For Good Works
Good works are not good because of external factors
In the beginning was the work. And the work was good. That’s right! From the first few pages in the Bible:
“God saw all that He had made, and behold, it was very good.” —Genesis 1:31 (NASB)
“Then the LORD God took the man and put him into the garden of Eden to cultivate it and keep it.”—Genesis 2:15 (NASB)
Then, as a result of man’s sin, work became harder when God said,
“Cursed is the ground because of you; In toil you will eat of it all the days of your life. Both thorns and thistles it shall grow for you." —Genesis 3:17 (NASB)
One immediate reaction to this verse may be that work is now cursed, but that is not true. Notice that the ground was cursed, not the work. The ground may grow thorns and thistles, but the work itself can still be good, fruitful and a blessing.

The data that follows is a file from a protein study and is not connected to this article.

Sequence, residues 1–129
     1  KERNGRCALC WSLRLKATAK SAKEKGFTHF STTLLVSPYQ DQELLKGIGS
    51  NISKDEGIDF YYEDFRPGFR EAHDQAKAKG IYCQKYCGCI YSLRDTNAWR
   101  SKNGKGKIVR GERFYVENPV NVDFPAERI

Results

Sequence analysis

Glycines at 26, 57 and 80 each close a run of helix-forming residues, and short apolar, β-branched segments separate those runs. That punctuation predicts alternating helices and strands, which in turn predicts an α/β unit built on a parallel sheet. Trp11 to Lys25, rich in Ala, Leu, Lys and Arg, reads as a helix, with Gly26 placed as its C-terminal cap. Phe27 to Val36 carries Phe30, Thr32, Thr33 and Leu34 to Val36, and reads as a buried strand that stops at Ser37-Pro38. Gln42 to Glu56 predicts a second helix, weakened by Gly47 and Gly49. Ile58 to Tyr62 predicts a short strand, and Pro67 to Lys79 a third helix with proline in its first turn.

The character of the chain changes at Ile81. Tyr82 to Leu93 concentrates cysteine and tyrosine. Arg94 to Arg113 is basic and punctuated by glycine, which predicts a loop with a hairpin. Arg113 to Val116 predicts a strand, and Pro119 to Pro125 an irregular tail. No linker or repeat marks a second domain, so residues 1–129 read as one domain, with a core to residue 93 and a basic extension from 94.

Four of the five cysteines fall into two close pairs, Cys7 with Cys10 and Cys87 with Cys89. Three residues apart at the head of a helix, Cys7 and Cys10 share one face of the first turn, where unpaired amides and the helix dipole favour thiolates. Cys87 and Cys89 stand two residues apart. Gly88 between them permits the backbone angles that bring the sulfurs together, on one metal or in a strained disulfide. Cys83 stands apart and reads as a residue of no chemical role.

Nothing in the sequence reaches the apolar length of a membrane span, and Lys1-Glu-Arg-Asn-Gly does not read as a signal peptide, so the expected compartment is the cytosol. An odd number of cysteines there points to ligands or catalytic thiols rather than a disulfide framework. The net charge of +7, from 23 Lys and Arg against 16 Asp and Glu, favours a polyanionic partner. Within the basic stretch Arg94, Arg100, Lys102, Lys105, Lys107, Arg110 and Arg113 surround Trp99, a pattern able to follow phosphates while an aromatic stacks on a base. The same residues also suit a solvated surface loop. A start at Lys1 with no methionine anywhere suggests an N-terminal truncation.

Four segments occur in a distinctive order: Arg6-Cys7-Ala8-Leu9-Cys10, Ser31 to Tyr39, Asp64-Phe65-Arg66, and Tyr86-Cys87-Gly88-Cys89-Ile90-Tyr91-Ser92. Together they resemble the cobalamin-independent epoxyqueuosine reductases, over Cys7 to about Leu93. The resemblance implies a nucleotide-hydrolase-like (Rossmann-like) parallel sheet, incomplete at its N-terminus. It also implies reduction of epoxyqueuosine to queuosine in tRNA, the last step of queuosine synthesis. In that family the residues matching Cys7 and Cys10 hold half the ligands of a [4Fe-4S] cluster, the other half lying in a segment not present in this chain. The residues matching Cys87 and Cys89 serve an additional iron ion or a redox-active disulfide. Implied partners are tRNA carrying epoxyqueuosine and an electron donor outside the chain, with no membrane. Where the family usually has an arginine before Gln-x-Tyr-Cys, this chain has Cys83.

For example, let’s look at your current job as “good” or “bad” work based on a variety of external factors. Take a moment to rate your current work life on ten-point scale. Ten is best, of course.
______ Fun tasks
______ Competent/cooperative people
______ Pleasant environment
______ Meaningful mission
______ Positive results
______ Lots of money
______ Nice boss
Now consider how good or bad your work is in light of these thoughts.
“… obey those who are your masters on earth, not with external service, as those who merely please men, but with sincerity of heart, fearing the Lord. Whatever you do, do your work heartily, as for the Lord rather than for men, knowing that from the Lord you will receive the reward of the inheritance. It is the Lord Christ whom you serve.” —Colossians 3:22-25 (NASB)
May I propose a radical thought?
Good works are not good because of external factors. Works become “good” because you work wholeheartedly — taking full advantage of your being created in Christ — using all of your capacity and passions as for the Lord! So, regardless of how you rated your work earlier, the issue with any legitimate work is not just what you do – it’s also how well you do it.
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